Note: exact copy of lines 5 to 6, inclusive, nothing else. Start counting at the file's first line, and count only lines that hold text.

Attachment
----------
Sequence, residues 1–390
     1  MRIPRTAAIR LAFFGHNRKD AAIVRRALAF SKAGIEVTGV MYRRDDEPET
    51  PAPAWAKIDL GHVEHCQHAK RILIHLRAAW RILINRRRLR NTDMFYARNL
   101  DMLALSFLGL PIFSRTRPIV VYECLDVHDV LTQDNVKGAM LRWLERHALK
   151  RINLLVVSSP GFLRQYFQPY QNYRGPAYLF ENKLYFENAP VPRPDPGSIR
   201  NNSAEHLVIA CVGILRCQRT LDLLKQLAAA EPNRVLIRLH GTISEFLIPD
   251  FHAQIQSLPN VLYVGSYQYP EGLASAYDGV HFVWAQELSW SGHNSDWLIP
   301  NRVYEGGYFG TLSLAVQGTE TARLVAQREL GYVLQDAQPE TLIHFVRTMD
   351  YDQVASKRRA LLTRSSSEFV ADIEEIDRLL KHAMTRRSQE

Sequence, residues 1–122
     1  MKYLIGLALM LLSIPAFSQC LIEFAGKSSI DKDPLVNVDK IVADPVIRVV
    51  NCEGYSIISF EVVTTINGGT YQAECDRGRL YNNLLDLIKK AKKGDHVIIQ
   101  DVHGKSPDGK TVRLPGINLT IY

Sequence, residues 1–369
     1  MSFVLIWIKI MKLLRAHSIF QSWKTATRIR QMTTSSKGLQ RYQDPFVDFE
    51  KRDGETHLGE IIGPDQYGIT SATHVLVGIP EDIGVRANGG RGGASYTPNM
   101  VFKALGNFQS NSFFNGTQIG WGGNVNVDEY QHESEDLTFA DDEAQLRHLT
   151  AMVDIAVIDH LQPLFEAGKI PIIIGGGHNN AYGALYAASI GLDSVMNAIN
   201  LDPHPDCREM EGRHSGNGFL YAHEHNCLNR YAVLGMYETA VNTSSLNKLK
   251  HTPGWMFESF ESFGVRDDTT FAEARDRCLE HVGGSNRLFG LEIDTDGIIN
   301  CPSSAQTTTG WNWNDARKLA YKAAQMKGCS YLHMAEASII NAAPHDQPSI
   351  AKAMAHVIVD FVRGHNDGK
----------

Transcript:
   151  RINLLVVSSP GFLRQYFQPY QNYRGPAYLF ENKLYFENAP VPRPDPGSIR
   201  NNSAEHLVIA CVGILRCQRT LDLLKQLAAA EPNRVLIRLH GTISEFLIPD